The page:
Provided KLEW-TV, Lewiston
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Provided by the Lewiston Tribune
"They're reshaping the whole bank so it looks decent," said the longtime track supporter and former state lawmaker. "This track has been here for years and there's no place to sit, but this will help. I think it'll look pretty good when it's done."
The upgraded facility will also bear his name, which caught the project's primary benefactor by surprise.
"I certainly didn't expect this. I'm humbled. It's kind of nice to leave a legacy."
The Bruce and Marilyn Sweeney Track and Field at Vollmer Bowl became the track's official name this week, when the Lewiston School Board voted to honor the 77-year-old Lewiston resident and his late wife, who died in January. A dedication ceremony will take place when the project is completed next month.
"We received a recommendation from the track coach and athletic director, along with about 30 e-mails from community members, advocating we do that," said Dan Rudolph, school board chairman.
"I was crazy happy to go along with those recommendations because of the history that I personally got to see Bruce have with the school district. He was a volunteer coach for football and track, and he taught me to pole-vault. Bruce was one of the community leaders I admired during his years in the Legislature. He and his wife have always been advocates for education and Lewiston."
In addition to a record-breaking track and field career, Sweeney was a pilot in the Air Force, operated a building supply business, served 20 years in the Legislature and was a member of the Lewiston School Board.
Now battling bone cancer, Sweeney said his wish has been to make contributions to the school district, University of Idaho and Lutherhaven church camp. He recently donated $50,000 to the high school to fund the landscaping project. The improvements will increase seating and allow the school to host larger meets, he said.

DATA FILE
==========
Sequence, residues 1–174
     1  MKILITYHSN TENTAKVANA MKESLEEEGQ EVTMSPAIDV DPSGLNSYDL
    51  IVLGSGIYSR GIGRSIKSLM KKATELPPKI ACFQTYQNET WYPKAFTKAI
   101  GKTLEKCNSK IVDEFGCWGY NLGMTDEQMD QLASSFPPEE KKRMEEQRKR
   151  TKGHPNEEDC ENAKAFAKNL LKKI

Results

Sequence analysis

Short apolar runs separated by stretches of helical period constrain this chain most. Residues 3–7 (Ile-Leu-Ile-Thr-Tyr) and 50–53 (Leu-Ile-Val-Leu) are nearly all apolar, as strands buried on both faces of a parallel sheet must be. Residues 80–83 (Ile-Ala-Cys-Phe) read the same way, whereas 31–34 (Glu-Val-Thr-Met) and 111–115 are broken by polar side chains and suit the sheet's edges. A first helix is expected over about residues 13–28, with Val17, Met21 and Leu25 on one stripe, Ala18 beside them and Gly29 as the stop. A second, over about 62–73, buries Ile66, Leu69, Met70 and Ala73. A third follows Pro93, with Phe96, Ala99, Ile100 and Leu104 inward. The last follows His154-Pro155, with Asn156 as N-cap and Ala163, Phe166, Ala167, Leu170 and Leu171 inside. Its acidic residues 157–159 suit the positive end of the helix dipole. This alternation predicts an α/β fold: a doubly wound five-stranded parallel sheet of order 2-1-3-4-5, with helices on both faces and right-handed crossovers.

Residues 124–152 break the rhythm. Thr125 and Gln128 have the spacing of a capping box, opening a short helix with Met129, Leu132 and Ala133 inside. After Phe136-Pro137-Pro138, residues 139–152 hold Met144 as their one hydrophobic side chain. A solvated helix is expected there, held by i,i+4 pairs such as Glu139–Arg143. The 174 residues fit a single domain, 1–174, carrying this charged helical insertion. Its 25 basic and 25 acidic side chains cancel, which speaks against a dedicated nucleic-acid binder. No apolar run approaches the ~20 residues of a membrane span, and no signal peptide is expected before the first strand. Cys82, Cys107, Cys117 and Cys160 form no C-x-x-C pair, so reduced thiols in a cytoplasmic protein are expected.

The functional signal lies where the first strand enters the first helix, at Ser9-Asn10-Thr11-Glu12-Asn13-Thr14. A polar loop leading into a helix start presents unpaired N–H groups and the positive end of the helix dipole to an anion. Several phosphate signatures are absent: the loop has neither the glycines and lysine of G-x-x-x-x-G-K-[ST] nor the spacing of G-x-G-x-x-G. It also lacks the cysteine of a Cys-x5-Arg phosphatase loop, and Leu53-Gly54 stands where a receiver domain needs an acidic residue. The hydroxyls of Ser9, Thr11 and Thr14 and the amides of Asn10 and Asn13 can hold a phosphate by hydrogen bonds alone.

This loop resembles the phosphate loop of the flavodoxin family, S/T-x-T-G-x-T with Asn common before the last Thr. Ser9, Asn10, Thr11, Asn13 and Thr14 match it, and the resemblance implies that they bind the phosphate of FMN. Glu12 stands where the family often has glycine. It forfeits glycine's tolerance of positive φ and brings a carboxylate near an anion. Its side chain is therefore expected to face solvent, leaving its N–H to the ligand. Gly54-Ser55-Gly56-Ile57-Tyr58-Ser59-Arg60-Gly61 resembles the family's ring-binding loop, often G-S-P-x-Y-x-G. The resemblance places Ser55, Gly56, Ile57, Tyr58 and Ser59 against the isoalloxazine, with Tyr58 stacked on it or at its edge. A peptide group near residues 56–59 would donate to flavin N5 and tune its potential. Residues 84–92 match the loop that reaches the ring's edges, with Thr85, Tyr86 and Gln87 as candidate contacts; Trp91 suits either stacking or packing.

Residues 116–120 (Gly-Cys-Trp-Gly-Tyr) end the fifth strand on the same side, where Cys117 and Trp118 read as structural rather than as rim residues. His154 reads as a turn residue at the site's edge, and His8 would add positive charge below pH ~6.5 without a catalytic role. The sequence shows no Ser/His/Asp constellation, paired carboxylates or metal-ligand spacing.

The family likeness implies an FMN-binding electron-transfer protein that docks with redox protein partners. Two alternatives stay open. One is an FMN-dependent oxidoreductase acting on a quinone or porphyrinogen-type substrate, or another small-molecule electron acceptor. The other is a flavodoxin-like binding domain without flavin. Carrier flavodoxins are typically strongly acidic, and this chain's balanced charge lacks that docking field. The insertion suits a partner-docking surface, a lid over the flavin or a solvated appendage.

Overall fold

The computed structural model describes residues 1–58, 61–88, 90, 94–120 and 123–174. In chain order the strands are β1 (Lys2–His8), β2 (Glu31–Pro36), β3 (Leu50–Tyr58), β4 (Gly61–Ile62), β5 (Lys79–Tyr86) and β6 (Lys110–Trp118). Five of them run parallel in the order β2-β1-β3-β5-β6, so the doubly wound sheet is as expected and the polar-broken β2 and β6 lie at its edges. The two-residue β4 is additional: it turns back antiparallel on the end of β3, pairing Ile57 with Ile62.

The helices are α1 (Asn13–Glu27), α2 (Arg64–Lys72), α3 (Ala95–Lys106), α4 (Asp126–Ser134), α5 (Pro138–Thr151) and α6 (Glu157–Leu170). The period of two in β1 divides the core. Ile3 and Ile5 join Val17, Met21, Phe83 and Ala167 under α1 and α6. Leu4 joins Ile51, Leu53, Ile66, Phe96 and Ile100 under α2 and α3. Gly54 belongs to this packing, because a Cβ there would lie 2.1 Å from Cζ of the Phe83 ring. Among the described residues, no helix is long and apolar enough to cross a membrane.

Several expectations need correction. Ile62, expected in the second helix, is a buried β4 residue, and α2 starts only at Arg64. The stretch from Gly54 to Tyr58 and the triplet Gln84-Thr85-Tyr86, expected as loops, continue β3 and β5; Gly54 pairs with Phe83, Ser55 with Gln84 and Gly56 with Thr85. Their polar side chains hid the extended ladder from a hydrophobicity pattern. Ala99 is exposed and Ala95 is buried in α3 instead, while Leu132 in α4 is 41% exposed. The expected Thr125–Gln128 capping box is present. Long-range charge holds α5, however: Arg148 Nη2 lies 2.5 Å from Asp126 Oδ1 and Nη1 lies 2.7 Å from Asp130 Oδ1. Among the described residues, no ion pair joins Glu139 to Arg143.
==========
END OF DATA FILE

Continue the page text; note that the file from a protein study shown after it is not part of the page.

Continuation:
"It's an ideal place because it is in a bowl and protected from the wind. It's a great facility."
He should know. He's spent countless hours there and has lived next door since 1968. His passion for the sport dates to the late 1940s, when he was a student at Lewiston High School.
"When I moved to Lewiston in the spring of my sophomore year, I turned out for track. At the first track meet, my name wasn't on the list to compete. After convincing the coach I had been practicing, he let me enter the high jump, and I won it."
Sweeney went on to become Idaho's all-time top scorer in track and field as an athlete at the University of Idaho, as well as the college's record holder in the 120-yard high hurdles and 220-yard low hurdles. After college, Sweeney was a finalist at the 1956 U.S. Olympic trials in the 400-meter hurdles, and later became an official and starter at the Idaho State High Track and Field Championships and helped coach at Lewiston.
"That's been my life. It's a wonderful sport because there's probably a place for everybody, if they really want to work at it. The reason I liked it is the only one you had to depend on is you. You're either there or you're not there."
Tim Sperber, Lewiston's athletic director, said Sweeney's support for track and his generous gift to the program are amazing.
"He's giving money so more people can enjoy track and field, and that's his sport. The way he cares about the kids, the coaches, the sport is just phenomenal. He loves to watch, come down and be a part of it. To have him as a Bengal is awesome."